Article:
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Embattled Cordray under Fire at House Committee Hearing

CFPB head Richard Cordray was in the hot seat before the House Financial Services Committee on April 5, facing a barrage of criticism from Republican lawmakers over the bureau’s handling of several investigations—as well as calls for him to be fired or resign as director of the consumer protection watchdog.

The official purpose of Cordray’s appearance was to present the CFPB’s latest two semi-annual reports, from Spring and Fall 2016. But the often-contentious, nearly six-hour hearing became a platform for several committee members to renew long-standing calls for a change in the leadership structure of the CFPB, which have increased since President Trump took office in January.

“I believe the president is clearly justified in dismissing you and I call upon the president—yet again—to do just that, and to do it immediately,” said committee chairman Jeb Hensarling (R-Texas). Hensarling has been among the lawmakers most critical of the CFPB, having sponsored and supported several bills to reform the CFPB, in part by replacing Cordray’s position with a five-member board.

The embattled agency’s leadership structure also is being debated in a federal courtroom, with an en banc hearing scheduled to take place in D.C. circuit court on May 24 in the case PHH Corp. v. CFPB. A three-judge panel from that court found the CFPB’s single-director leadership model was unconstitutional, because, under the Dodd-Frank Act, the director can only be removed by the president for cause. In February, the court granted the bureau’s request for an en banc hearing, vacating the previous decision.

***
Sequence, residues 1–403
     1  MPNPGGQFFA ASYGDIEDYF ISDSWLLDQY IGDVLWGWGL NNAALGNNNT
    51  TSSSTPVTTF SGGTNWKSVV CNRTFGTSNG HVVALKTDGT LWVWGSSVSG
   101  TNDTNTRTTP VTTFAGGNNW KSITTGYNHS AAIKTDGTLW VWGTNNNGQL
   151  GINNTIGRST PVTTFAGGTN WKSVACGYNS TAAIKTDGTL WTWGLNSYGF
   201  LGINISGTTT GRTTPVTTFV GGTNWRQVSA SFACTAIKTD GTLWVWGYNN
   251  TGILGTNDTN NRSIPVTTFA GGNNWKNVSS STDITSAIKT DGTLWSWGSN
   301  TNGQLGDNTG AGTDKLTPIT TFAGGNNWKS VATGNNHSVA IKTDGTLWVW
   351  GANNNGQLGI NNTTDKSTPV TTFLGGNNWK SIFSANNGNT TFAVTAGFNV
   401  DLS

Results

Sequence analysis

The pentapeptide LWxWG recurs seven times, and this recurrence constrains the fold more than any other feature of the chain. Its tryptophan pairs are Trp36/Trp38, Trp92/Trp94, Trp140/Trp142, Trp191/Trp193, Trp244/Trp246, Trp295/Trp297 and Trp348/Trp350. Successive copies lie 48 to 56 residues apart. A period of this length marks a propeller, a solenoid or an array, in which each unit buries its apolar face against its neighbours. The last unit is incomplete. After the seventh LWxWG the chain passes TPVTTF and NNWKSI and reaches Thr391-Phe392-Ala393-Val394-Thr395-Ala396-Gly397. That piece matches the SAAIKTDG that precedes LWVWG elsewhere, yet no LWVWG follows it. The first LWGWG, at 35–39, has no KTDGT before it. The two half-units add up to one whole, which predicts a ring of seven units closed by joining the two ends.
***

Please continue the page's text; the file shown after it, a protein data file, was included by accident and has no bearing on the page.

Before the House committee, Cordray indicated that he would not resign if asked by President Trump, saying his removal from office would have to “follow the law of the land.”

Along with questions about his leadership status, Cordray faced criticism over the CFPB’s handling of its investigation into the fake account scandal at Wells Fargo last year, with Republicans claiming the agency was slow to discover the issue. Republicans also took issue with the language the agency has used in its consent orders, which some committee members said was overly accusatory in cases where companies didn’t admit to any wrongdoing.

The hearing was short on details about the CFPB’s future rulemaking plans. Cordray declined to comment on specific timelines on rulemakings for overdraft fees, disclosures and data collections. However, he did offer some insight into the bureau’s recently proposed six-month delay of the effective date of its final rule on prepaid accounts. The proposal stemmed from issues relating to the linking of prepaid cards to digital wallets and the error resolution for transactions on prepaid cards that had not yet been registered, Cordray said.

Republicans on the panel called for a longer delay on implementation. Rep. Roger Williams (R-Texas) said the bureau should drop the rules altogether, noting that prepaid products were the subject of less than 1 percent of all consumer complaints filed with the CFPB. Williams was one of the architects of a February proposal to repeal the rule under the Congressional Review Act.

Days after Cordray’s hearing, the CFPB released its latest annual consumer response report, which tallied and categorized all complaints from consumers received by the agency between Jan. 1 and Dec. 31, 2016. During that period, only about 2,500 of the 291,400 consumer complaints dealt with prepaid cards—continuing a trend of prepaid comprising just a tiny fraction of overall complaints since the agency began tracking prepaid complaints in 2014.

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